As a member of UTeach Maker, I participate in monthly Maker cohort meetings, attend workshops, and volunteer at Maker events. Each meeting gave me the opportunity to connect and share with other Makers. Together we learned how we can enhance the learning experience of our students. At weekend workshops we explored new skills and methods that could be applied in, and out of, the classroom. I have used some of these techniques I learned at these workshops to make some of my projects (see these projects for more information).

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Maker Faire

Maker Faire Robot, Austin Maker Faire.

Maker Faire is a gathering for makers - from engineers to artists to scientists. It is a great place to share what you make, see what others are making, and play with some really awesome toys.

In 2019, I presented at the 2nd Annual Regional Maker Education Summit with Juliet Goodfellow (check out her website here). We showcased Maker activites for math and science educators in our workshop Kinetic Sculptures (which developed into this project).

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MakerSpace at Ann Richards School for Young Women Leaders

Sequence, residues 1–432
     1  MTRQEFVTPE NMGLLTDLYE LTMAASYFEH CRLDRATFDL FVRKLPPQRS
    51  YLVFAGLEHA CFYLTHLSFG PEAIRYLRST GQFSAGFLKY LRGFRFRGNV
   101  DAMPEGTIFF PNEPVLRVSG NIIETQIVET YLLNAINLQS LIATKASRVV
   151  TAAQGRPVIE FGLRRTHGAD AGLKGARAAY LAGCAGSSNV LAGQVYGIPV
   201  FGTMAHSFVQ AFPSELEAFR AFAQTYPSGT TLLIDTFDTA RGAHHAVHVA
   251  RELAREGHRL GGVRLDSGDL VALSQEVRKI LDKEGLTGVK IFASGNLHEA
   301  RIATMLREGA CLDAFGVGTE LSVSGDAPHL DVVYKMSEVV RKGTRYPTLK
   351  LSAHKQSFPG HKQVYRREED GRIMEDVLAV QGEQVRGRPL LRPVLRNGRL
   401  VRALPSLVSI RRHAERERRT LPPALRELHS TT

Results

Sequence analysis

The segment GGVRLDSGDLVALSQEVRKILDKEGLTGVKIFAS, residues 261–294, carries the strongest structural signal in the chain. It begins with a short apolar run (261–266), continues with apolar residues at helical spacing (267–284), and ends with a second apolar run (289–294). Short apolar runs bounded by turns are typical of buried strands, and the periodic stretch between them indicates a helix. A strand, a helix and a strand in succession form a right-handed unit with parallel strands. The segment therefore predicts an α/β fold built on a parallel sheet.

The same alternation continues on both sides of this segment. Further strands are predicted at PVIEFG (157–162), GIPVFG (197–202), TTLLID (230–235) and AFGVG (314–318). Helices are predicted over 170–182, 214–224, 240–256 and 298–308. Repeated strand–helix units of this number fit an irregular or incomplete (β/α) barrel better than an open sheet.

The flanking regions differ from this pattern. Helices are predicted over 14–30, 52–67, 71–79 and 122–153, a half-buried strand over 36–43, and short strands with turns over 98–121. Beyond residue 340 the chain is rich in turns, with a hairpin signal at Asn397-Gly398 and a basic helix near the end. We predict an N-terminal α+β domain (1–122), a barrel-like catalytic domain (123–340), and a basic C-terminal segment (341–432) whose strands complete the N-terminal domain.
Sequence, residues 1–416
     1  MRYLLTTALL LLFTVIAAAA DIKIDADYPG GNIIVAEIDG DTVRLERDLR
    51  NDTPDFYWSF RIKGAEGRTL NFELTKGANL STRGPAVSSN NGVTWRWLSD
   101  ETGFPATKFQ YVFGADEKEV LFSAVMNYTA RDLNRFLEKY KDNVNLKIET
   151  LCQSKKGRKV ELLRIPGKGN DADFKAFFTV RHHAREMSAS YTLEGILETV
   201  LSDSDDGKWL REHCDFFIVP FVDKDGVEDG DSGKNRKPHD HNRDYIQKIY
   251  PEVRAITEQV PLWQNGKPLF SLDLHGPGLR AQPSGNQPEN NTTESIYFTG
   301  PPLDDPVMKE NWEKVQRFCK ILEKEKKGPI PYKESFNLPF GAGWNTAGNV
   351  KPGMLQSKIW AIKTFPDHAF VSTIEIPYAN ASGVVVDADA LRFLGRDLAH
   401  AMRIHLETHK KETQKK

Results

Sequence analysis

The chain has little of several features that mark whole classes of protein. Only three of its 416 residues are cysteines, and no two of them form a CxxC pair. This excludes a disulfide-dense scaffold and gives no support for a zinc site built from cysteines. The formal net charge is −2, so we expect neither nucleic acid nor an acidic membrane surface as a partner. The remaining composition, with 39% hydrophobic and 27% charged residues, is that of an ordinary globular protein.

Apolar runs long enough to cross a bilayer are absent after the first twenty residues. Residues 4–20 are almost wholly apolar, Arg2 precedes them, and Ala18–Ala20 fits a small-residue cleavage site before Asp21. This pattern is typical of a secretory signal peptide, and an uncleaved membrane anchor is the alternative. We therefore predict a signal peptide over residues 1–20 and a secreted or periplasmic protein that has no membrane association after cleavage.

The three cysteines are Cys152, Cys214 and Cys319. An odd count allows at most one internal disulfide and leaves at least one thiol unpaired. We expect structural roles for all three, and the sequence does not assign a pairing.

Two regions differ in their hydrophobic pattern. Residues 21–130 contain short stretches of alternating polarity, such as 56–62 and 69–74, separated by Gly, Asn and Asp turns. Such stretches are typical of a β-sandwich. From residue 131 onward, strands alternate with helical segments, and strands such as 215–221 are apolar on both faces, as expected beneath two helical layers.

MakerSpace Ribbon Cutting with Impact Austin, Ann Richards School.

Ann Richards School for Young Women Leaders is an all-girls school that prepares 6-12th graders with hands-on, project-based learning experiences. Offering unique opportunities for its students, the school places an emphasis on STEM with a rigourous curriculum and pathways, internships, college preparation, and an impressive MakerSpace.

I had the privilege to work at Ann Richards' MakerSpace as an intern under the supervision of my Maker mentor, Oren Connell. In the MakerSpace I supported students in Maker education activities and projects, supervised the use of specialized tools and equipment, and taught safe practices. My favorite projects that I helped support include making animal enrichment toys for the Austin Zoo and building canjos. When we went virtual during COVID, the Making didn't stop. In Oren's digital electronics class we helped students design and prototype electronic devices solving real-world (and sometimes hilarious) problems.

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Stephen F. Austin High School - Academy for Design and Technology

Academy for Design and Technology logo, Austin High School.

At Austin High School, students are split into smaller learning communities: the Academy for Classical Studies, the Academy for Design and Technology, the Academy for Global Studies, and the Academy for Science and Innovation. Each of these smaller learning communities teaches the same curriculum but through a different lens based on the learning pillars of that academy. I am a science teacher for the Academy of Design and Technology, a community of Makers that places empathy at the center of the design thinking process to solve problems innovative ways.